I was going to entitle this post Victorian A-MUSE-ments, but then I thought better of it, Dear Readers. I want to ask you lovely people a question or two about the nature of the Muse: is it something to be desired, being or becoming someone’s Muse?
First off, what does it mean, to become someone’s Muse? For the Greeks, they were represented as the nine daughters of Mnemosyne and Zeus, each presiding over a particular creative art or science, and serving as a guiding spirit or a source of inspiration. In this manner, they act as an aid to the poet or scientist, whispering in their ear during periods of writer’s block and encouraging them in their acts of creation.
Somewhere along the way, the role of the Muse seems to have transitioned from creative helper to object of obsession. I’d argue that our modern idea and interpretation of the nature of the Muse differs wildly from this original Greek vision. If someone calls someone their Muse, it’s still referring to an individual who serves as a source of inspiration; however, more often than not, that person also becomes the object of the Male Gaze or a point of obsession onto which ideas and visions are acted.
One famous example is Dante Gabriel Rossetti, one of the most famous poets and painters from the Victorian era and the founder of the Pre-Raphaelite Brotherhood. His personal relationships with women were always linked closely to his work. From Wiki, “[i]n 1850, Rossetti met Elizabeth Siddal, an important model for the Pre-Raphaelite painters. Over the next decade, she became his muse, his pupil, and his passion.” She sat for one of his most famous paintings, reproduced below, the Beata Beatrix, which in itself is suggestive as a representation of one of the most famous Muses of all time, Beatrice from Dante’s Divina Commedia.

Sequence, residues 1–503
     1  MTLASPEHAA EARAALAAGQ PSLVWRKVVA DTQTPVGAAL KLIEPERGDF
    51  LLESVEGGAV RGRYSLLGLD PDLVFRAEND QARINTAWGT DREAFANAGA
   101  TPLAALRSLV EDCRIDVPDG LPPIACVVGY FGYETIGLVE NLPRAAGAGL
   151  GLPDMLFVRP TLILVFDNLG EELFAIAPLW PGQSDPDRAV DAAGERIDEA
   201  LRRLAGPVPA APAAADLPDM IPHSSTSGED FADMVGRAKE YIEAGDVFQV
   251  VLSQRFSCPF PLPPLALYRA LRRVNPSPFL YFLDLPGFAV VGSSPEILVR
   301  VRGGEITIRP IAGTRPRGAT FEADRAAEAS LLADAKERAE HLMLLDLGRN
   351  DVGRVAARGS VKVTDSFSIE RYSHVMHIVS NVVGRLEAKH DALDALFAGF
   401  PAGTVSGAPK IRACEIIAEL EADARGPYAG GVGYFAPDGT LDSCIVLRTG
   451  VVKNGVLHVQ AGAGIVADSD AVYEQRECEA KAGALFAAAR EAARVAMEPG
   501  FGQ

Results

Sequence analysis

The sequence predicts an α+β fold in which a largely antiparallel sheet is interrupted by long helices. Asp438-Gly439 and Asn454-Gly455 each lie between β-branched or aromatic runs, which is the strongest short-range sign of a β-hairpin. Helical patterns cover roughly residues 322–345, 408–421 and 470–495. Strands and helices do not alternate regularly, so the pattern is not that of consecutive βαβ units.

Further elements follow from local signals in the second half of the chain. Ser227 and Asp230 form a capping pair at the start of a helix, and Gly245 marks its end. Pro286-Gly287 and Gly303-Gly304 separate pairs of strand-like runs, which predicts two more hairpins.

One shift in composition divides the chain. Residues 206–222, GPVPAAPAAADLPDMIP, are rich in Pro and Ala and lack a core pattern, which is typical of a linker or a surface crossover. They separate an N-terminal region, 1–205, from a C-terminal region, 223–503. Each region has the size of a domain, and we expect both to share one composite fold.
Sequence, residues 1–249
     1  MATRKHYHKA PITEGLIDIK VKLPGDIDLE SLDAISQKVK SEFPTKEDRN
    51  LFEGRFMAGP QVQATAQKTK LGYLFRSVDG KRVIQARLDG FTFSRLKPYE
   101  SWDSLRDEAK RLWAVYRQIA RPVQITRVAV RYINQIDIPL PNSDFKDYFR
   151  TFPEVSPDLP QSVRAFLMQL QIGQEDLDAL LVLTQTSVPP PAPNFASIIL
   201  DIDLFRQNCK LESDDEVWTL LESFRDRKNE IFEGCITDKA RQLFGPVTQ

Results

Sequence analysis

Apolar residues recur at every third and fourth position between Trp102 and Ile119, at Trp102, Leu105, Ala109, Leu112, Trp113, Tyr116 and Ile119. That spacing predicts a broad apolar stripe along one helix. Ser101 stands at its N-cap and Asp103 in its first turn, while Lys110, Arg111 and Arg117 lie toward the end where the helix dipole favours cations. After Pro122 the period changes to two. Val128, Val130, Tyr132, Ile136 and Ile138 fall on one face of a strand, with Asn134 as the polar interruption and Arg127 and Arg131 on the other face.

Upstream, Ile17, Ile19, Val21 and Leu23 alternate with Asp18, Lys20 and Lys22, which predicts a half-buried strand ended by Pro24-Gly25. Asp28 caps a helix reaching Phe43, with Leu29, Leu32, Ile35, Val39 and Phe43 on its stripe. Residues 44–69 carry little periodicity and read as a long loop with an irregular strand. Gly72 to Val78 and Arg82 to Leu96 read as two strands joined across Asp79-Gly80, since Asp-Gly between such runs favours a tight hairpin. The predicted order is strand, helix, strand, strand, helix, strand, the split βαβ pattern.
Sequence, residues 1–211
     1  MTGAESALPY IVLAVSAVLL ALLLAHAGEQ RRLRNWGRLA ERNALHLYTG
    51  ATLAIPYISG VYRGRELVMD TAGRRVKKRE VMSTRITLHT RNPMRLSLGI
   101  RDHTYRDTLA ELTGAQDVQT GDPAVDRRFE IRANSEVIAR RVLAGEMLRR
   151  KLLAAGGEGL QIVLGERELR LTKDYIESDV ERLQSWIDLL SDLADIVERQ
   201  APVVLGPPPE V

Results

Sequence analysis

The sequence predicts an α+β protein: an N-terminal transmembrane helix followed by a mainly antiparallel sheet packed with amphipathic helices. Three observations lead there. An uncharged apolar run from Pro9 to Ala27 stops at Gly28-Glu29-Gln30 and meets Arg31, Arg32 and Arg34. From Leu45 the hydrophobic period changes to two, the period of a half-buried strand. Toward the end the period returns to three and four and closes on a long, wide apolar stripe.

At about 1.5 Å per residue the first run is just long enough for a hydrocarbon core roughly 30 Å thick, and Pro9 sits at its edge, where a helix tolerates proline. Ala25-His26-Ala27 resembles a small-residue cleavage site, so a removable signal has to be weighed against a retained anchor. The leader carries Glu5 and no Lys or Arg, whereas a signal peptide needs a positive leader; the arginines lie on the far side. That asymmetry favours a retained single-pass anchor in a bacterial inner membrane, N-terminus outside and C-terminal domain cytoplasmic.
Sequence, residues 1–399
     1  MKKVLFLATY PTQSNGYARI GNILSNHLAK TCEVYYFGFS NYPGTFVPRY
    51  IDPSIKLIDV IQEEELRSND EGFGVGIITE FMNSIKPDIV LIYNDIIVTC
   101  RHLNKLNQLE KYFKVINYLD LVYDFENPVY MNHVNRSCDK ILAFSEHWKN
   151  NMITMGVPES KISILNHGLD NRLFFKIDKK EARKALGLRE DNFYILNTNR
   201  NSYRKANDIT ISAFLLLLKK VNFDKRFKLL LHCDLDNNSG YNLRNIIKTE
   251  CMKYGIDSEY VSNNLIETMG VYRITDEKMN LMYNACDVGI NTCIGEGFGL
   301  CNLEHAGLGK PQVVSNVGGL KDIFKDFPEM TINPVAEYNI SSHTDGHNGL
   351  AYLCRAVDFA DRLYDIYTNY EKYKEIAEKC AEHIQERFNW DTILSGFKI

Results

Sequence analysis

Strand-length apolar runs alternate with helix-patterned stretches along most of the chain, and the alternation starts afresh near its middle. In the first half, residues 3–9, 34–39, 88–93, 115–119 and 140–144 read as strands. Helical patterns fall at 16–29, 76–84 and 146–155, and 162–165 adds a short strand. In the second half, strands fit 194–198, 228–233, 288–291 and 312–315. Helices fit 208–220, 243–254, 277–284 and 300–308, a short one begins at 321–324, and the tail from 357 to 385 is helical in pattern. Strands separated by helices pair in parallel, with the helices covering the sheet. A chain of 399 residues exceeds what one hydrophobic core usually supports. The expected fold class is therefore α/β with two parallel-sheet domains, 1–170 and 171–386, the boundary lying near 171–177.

One might also recognize Alexa Wilding, who sat for many of Rossetti’s most famous works, including Veronica Veronese, La Ghirlandata, and The Blessed Damozel. Here, I think we must distinguish between the knowing and/or willing and the unknowing Muse. For Rossetti’s paintings, these women were sitting models, and he became romantically and sexually involved with several of them, most notably his wife Elizabeth Siddell (mentioned above), Fanny Cornforth, whom he met after the death of his wife, and Jane Morris, who “consumed and obsessed him in paint, poetry, and life”. Another example might be Elizabeth Barrett Browning’s love sonnet sequence “Sonnets from the Portuguese“, inspired by her relationship with her husband Robert Browning. These women (and men!) appear to be willing participants in the artists’ game of romantic and sexual inspiration and obsession in constructing and experiencing the Ideal in a visual or literary form.
Then we have the other side of the coin: the unwilling or unknowing muse, a person who is the artist’s vision of the Ideal and whose likeness or being serves as a point of obsession or fixation for the artist. Despite it being one of my favorite lyric poems of all time, I might use Tennyson’s In Memoriam A.H.H. as an example of this phenomenon. Arthur Henry Hallam was Tennyson’s best friend and the fiancée of Tennyson’s sister, Emily. Tennyson and Hallam, both poets, developed a deep friendship that lasted until Hallam’s sudden death of a stroke in 1833. To say that his death crushed Tennyson would be the understatement of the millennium. He spent a period of 17 years composing this poetic requiem for his best friend, and even then, felt that he could not entirely capture the full measure of his grief or the entirety of his friend’s perfection.